When implementing a UWP application, a separate background task could be used to update live tile. In this post, I am going to cover some scenarios that tile update doesn’t work or doesn’t work as expected, hope this can save your troubleshooting time.
If any template with image in TileTemplateType such as TileSquare150x150PeekImageAndText01, is used to build a tile, while the tile can’t be updated successfully, check whether the images are 200k or less in size and 1024×1024 pixels or smaller which is mentioned in https://msdn.microsoft.com/en-us/library/dn439794(v=vs.85).aspx .
If the images meet the requirement while the tile still can’t be updated successfully, the issue might not be related to the app itself.
Go to Settings->Privacy->Background apps, make sure background task is enabled for the app.
Go to Settings->System->Battery, make sure Battery saver is turned off, otherwise background will be disabled to extend battery life.
Background tasks are expected to execute lightweight task, thus limited by the amount of wall-clock usage time they get based on trigger type. Most triggers are limited to 30 seconds of wall-clock usage such as TimerEvent. If the background task is busy to run longer than 30 seconds, it will be terminated silently just as below, which means the code to update tile could not be executed yet.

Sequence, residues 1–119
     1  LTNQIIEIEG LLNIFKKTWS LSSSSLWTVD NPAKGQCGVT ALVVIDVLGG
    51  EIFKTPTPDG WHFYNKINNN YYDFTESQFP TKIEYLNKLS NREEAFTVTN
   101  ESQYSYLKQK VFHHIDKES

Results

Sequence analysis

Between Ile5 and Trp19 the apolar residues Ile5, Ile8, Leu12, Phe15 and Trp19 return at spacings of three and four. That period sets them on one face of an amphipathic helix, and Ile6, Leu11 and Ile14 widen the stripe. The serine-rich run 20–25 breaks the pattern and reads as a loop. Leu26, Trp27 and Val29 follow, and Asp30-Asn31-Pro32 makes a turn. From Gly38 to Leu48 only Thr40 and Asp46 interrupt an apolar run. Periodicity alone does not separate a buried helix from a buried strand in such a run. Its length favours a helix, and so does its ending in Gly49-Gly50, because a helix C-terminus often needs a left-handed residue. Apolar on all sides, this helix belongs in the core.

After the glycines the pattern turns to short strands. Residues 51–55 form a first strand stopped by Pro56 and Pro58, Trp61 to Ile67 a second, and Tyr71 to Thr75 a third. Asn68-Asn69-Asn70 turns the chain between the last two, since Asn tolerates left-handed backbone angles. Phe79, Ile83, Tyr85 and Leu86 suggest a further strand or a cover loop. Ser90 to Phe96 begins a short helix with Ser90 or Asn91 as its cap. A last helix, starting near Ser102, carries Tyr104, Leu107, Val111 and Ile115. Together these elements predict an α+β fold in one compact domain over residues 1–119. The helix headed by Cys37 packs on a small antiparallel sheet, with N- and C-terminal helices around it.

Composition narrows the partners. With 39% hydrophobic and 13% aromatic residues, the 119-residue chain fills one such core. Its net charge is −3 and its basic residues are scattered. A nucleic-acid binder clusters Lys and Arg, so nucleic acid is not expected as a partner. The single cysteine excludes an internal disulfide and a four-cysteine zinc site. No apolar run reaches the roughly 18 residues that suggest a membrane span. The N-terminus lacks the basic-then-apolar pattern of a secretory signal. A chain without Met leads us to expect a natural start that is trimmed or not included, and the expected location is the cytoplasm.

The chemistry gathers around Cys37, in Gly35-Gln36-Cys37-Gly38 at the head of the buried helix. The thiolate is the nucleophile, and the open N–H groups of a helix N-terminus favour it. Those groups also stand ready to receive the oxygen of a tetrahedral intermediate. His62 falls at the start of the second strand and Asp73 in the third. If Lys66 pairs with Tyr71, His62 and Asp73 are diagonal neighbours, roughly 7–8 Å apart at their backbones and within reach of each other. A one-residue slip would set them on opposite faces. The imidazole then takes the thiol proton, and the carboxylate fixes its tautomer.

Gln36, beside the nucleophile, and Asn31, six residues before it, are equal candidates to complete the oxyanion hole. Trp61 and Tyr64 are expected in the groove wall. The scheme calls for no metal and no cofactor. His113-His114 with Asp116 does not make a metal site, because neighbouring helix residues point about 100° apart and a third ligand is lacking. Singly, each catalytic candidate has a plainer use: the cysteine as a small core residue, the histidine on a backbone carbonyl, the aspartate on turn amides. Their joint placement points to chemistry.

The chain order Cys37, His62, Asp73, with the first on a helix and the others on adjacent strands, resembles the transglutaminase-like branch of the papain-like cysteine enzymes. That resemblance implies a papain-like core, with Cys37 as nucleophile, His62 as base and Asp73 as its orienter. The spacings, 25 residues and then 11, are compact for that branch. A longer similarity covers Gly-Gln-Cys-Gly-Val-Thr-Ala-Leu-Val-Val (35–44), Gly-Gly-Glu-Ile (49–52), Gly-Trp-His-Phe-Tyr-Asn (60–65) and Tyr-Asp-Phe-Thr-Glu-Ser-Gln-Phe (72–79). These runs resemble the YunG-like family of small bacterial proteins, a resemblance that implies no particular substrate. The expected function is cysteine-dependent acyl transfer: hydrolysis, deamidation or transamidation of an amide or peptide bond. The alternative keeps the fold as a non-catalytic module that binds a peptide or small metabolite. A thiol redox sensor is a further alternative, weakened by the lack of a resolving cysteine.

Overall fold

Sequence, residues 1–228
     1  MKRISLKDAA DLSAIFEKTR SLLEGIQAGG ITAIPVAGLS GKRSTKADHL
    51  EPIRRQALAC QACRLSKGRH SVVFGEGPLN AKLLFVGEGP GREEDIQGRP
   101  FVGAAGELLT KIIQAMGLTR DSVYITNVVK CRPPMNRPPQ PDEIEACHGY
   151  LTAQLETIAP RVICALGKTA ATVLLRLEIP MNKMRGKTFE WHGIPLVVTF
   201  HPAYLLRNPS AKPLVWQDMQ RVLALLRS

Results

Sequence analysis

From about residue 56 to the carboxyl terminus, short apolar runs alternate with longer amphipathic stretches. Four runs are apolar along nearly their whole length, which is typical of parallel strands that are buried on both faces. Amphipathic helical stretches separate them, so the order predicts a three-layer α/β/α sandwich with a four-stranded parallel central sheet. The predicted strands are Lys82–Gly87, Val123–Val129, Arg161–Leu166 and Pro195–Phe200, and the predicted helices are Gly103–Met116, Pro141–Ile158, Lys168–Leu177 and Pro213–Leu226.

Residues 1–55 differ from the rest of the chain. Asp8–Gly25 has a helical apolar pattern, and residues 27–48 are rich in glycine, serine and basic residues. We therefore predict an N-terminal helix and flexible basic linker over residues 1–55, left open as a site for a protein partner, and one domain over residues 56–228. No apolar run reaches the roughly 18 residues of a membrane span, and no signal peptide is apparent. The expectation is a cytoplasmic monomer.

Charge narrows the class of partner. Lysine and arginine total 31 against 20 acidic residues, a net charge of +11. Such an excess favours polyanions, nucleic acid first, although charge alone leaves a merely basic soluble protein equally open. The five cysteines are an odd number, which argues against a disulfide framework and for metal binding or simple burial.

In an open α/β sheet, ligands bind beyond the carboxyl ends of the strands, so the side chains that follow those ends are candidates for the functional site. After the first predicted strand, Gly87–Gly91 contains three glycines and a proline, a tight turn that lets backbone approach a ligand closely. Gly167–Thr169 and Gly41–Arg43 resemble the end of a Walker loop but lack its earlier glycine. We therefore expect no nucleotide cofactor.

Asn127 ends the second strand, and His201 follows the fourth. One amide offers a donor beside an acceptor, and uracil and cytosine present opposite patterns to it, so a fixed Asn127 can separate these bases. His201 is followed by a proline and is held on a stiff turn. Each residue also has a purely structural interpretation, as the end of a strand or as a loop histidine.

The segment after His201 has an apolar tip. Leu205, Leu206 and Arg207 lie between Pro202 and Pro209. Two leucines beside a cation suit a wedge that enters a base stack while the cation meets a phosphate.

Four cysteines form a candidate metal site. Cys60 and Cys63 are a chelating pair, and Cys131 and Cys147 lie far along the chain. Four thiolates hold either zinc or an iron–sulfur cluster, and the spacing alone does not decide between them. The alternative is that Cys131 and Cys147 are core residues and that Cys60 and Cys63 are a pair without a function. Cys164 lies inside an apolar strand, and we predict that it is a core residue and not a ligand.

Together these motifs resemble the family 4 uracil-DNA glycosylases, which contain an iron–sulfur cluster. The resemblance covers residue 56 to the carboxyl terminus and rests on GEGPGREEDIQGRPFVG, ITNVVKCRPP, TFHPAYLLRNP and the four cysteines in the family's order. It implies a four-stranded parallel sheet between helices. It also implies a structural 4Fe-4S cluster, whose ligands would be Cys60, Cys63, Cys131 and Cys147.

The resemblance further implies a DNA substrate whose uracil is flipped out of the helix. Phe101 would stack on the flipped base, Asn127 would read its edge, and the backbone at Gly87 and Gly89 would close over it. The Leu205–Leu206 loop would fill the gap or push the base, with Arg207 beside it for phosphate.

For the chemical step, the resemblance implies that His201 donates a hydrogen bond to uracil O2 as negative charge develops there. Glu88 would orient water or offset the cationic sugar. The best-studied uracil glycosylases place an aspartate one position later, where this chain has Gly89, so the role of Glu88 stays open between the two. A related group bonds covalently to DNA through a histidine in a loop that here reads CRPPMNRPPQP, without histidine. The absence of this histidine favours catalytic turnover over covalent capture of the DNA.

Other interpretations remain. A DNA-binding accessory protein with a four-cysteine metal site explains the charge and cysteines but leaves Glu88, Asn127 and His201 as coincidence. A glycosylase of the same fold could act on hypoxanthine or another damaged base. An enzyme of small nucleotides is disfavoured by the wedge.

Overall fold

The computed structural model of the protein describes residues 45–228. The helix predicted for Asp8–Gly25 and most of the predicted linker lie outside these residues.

Probably you have multiple tiles and would like them flip one. While, if notification queue is not enabled, the tiles will just flip and stop at the last tile without fliping anymore. This is designed behavior, in order to make them flip all the time, call TileUpdateManager.CreateTileUpdaterForApplication().EnableNotificationQueue(true) before updating the tiles.
Though same background task handler can be triggered by different events, you can’t make it as the below snippet code, because the second builder.SetTrigger will just simply override the first one. In order to support multiple trigger events, construct separate BackgroundTaskBuilder for every single trigger event.
builder.SetTrigger(new SystemTrigger(SystemTriggerType.SessionConnected, false));
builder.SetTrigger(new TimeTrigger(15, false));
If the tiles are correctly updated, the designed behavior is the tiles will “flip” one by one to catch the user’s attention; after some time, the animation will change to “slide” from bottom to up. Finally, the animation will stop at the last tile if the start screen is still there. Notice that the animation is enabled by default in Settings->Ease Of Access->Other options->Play animations in Windows. If the animation is disabled, the tiles will update one by one without any animation and this is the default behavior in remote desktop.